I can relate to this a lot, went through a bit of a tough time with so called friends, and just had to cut them loose. Even at uni (I'm 21 btw and just finished second year so yes I've watched legally blonde haha), I'm really sceptical of who I'm friends with and who I consider as a friend due to my taunting previous experience with friends

    I understand that, people at uni want to only associate with you if you're doing well. It's like that in my course (I study law), they try and latch on people who are doing well and have them as a contact! It's quite sad, I really wanted to make good friends at uni but don't think it'll happen. My uni life has been so awful, hoping my third year is different!

    And thank you for the message, really do appreciate you taking the time in responding to me...in detail! It's very appreciated! If you have any more tips about how to survive or do well at uni feel free to message me (if you're okay with that)

    Good luck with everything!
    Haha, your post brings about a couple more tips :beard:

    In terms of friends, avoid making friends from your course! Most of my really good friends were from outside my course, flatmates and people in my job. Grades and work usually brings out the worst out of people, which is why flatmates make the best/most long term friends. You know what they say about not mixing personal and "professional" life
    There's also this rule in politics that goes: "Nations have no permanent friends or allies, they only have permanent interests". Same goes for people in your course, if they can't see an interest in hanging out with you, then they won't. So don't give them a reason to look down on you. Keep up with your lectures, start coursework as soon as it's given. Since you're doing law, do some reading that no one else is doing and start talking about it, you'll quickly grab their interest. A thing that worked for me is back when I lived in the halls, I got to know some friends and friends of friends who were a year above. These were really good contacts as they'd give me some past papers solutions that the rest of my class doesn't have ...etc. which made people approach me about it...etc.
    Basically, work harder, it'll pay off both academically and socially. Like in my case where everything just fell together. Things tend to go either full on good, or full on bad most of the time.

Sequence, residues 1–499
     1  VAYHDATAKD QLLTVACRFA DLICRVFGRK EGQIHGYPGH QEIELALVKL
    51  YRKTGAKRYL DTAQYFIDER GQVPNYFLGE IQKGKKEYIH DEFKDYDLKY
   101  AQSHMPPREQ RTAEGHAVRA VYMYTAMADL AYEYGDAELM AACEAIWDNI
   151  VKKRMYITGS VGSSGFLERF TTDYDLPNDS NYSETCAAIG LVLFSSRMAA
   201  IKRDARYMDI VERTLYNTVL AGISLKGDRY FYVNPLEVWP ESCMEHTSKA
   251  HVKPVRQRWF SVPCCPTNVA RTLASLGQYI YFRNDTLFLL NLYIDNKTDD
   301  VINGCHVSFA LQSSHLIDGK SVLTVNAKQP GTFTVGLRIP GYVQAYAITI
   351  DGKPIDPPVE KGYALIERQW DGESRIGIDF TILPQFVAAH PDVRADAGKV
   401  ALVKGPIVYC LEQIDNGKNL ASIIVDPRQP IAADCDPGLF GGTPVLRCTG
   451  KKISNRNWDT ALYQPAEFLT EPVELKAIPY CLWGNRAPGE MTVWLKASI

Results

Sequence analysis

Other thing that was helpful for me on TSR was actually this thread that used to go around here called how to get a 1st class or something like that. That thing is a pot of gold and has lots of superb advice that I have used.
    There was also this other thread specifically for law, do look it up!
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    (Original post by Anonymous)
    Haha, your post brings about a couple more tips :beard:

    In terms of friends, avoid making friends from your course! Most of my really good friends were from outside my course, flatmates and people in my job. Grades and work usually brings out the worst out of people, which is why flatmates make the best/most long term friends. You know what they say about not mixing personal and "professional" life
    There's also this rule in politics that goes: "Nations have no permanent friends or allies, they only have permanent interests". Same goes for people in your course, if they can't see an interest in hanging out with you, then they won't. So don't give them a reason to look down on you. Keep up with your lectures, start coursework as soon as it's given. Since you're doing law, do some reading that no one else is doing and start talking about it, you'll quickly grab their interest. A thing that worked for me is back when I lived in the halls, I got to know some friends and friends of friends who were a year above. These were really good contacts as they'd give me some past papers solutions that the rest of my class doesn't have ...etc. which made people approach me about it...etc.
    Basically, work harder, it'll pay off both academically and socially. Like in my case where everything just fell together. Things tend to go either full on good, or full on bad most of the time.

    Other thing that was helpful for me on TSR was actually this thread that used to go around here called how to get a 1st class or something like that. That thing is a pot of gold and has lots of superb advice that I have used.
    There was also this other thread specifically for law, do look it up!
    "Grades and work bring out the worst in people"- from my experience I can say this is 100% legit lol! And it's sad because I did lose a lot of my long term friends because of it all but oh well, what can you do?
    And what's worse for me is that I commute so no flat mates for me lol. I do have a part time job though, and have met a lot of lovely people, but lately I'm not craving a social life, and I don't think I will in my third year either. Like obviously I like company, but idek lol, I hope you understand what I mean 😂

    And yeah, just hoping for the best, and have had such a weird uni journey, due to personal reasons lol but just hoping it gets better.

    I'll search for those threads of that kind on my laptop (can't do it on my phone) and see how it helps! Thank you again